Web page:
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For decades, basic tort principles have required product liability plaintiffs to prove a causal link between their injuries and an individual defendant's conduct. Minor exceptions for alternative liability, enterprise liability and market share liability (in a minority of states) have left these bedrock principles largely unchanged. However, recent developments lessening plaintiffs' burdens of proof regarding causation and liability are rendering more defendants responsible for the conduct of others. Listed below are theories under which plaintiffs have attempted to expand liability, the industries impacted, and the mixed results with which plaintiffs' efforts have been met.
Duty to warn of others' products: In asbestos cases, plaintiffs have attempted to hold defendants liable for failure to warn about the dangers of others' asbestos-containing products used in conjunction with defendants' products. While several courts have rejected this theory, New York state courts have held that where a manufacturer has "a sufficiently significant role, interest, or influence in the type of component used with its product after it enters the stream of commerce, it may be held ... liable if that component causes injury to an end user of the product." The issue is pending before the New York Court of Appeals.
Innovator liability: Plaintiffs have similarly asserted claims against brand-name pharmaceutical manufacturers, despite ingesting generic drugs manufactured by others. Most courts have rejected this "innovator liability" theory, but some, such as the 6th Circuit in Smith v. Wyeth, Inc., have permitted claims to proceed because a brand-name manufacturer "should reasonably perceive that there could be injurious reliance on its product information by a patient taking a generic" version of the drug.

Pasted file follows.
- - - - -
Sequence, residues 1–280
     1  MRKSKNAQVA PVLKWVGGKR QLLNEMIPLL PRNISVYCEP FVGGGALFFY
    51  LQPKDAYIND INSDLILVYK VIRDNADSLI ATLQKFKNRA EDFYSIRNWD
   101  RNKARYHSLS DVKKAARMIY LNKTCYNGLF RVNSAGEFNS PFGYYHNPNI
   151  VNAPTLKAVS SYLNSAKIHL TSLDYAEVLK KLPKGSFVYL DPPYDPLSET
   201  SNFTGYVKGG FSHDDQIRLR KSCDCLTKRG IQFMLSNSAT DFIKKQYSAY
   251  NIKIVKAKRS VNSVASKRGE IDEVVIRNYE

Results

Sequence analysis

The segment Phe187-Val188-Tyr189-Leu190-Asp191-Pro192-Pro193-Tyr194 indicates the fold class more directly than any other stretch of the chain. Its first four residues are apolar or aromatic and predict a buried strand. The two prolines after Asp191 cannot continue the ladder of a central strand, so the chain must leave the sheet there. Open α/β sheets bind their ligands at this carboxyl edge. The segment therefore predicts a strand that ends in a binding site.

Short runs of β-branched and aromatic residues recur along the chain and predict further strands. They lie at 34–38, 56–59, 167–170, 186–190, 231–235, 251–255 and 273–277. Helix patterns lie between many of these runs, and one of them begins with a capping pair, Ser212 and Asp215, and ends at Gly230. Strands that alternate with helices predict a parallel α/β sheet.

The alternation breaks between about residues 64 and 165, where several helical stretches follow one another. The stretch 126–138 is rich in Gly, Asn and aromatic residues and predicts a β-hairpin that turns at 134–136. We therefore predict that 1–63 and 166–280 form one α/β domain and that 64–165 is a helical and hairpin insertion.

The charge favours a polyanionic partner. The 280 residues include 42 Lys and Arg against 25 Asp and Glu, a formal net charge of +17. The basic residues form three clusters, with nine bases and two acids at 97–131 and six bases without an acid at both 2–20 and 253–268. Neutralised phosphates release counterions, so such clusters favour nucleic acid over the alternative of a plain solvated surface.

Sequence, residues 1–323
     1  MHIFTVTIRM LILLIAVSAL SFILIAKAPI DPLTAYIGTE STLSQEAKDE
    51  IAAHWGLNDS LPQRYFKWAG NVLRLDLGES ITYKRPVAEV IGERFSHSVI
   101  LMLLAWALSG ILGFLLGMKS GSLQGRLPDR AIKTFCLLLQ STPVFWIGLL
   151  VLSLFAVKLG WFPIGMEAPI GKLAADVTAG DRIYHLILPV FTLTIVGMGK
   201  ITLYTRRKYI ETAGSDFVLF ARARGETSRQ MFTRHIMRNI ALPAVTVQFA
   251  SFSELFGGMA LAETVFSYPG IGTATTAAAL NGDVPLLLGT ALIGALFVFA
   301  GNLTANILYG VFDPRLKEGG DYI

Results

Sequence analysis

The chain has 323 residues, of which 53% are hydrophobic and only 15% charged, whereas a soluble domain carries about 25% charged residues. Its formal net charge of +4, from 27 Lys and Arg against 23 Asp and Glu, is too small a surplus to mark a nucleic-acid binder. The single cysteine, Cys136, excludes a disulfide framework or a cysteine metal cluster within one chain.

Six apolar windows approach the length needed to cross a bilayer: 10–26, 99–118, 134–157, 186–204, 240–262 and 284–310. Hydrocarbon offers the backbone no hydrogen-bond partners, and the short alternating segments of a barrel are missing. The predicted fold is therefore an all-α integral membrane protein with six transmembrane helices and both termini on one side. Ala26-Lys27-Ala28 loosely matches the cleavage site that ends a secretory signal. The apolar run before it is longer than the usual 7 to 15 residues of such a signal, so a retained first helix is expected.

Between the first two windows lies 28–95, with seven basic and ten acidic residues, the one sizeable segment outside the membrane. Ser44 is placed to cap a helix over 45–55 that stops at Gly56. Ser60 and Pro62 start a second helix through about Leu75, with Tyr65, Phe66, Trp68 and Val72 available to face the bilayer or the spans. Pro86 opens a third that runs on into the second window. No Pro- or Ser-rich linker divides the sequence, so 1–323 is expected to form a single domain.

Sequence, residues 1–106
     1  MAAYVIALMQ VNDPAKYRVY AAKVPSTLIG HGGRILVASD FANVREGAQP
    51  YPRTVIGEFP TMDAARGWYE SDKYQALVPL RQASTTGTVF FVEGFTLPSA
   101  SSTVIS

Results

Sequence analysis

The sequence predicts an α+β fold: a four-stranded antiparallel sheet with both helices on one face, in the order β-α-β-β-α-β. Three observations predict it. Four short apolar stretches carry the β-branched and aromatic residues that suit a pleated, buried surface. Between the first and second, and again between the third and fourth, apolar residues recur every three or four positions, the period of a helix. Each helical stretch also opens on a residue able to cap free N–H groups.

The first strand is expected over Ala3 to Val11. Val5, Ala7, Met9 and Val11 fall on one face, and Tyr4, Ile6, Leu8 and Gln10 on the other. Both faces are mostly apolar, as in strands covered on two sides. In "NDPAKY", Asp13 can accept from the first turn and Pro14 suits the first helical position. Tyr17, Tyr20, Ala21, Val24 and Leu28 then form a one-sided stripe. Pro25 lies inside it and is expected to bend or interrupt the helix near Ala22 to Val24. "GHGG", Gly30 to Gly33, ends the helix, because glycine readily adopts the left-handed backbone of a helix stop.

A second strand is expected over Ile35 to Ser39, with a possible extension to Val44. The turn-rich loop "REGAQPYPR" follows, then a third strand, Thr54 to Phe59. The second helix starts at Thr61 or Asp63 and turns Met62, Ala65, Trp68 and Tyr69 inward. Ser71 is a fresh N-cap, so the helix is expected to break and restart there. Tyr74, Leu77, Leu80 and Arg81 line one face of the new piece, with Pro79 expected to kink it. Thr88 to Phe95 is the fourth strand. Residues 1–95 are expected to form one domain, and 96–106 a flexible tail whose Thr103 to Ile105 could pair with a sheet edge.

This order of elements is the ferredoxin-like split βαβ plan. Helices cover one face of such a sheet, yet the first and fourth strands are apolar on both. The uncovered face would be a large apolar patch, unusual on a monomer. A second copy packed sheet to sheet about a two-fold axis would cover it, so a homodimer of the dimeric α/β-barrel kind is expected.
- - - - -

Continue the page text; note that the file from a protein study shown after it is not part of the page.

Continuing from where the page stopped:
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Every molecule/fiber theories: In asbestos and chemical cases, plaintiffs have argued that because there is no proven safe level of exposure to a carcinogen, any exposure constitutes a legal "cause" of a plaintiff's disease. Given the impossible challenge for defendants to disprove any exposure, this theory can render a defendant responsible for all exposures a plaintiff ever had. This theory has been met with mixed results. A Texas court ruled in Bostic v. Georgia-Pacific Corp. that "proof of ... 'any exposure' alone will not suffice to establish causation," which requires that defendant's conduct was a "substantial factor" in causing plaintiff's injury, while the Northern District of Illinois said in Schultz v. Keene Corp. that "each inhalation of asbestos dust can result in additional damage to lung tissue," and "the court will not minimize the danger of even a relatively light exposure."
"Risk contribution" theory: Despite an inability to prove that any particular manufacturer was responsible for plaintiffs' injuries, some courts have permitted claims to proceed against multiple lead manufacturers under a "risk contribution" theory. Under this theory, "a plaintiff makes a prima facie showing that the manufacturer produced or marketed white lead carbonate pigment sometime during [plaintiff's] house's existence," and "the burden is on each manufacturer to prove that it did not produce or market white lead carbonate pigment either during the house's existence or in the geographical market where the house is located."
Greenhouse gas emissions: Plaintiffs have asserted public nuisance and other claims against oil, energy and utility companies, alleging that greenhouse gas emissions have resulted in global warming and associated harm. Most of these claims have been rejected based on the "political question doctrine," preemption and standing, among other shortcomings.
In light of certain courts' acceptance of the above theories of causation and liability, plaintiffs will continue their efforts to extend these theories into additional industries. As traditional tort principles are abrogated, defendants will need to counter with equally innovative defenses.
This article has been prepared for informational purposes only and does not constitute legal advice. This information is not intended to create, and the receipt of it does not constitute, a lawyer-client relationship. Readers should not act upon this without seeking advice from professional advisers. The content therein does not reflect the views of the firm.
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|Publication:||Inside Counsel Breaking News|
|Date:||Jun 3, 2015|
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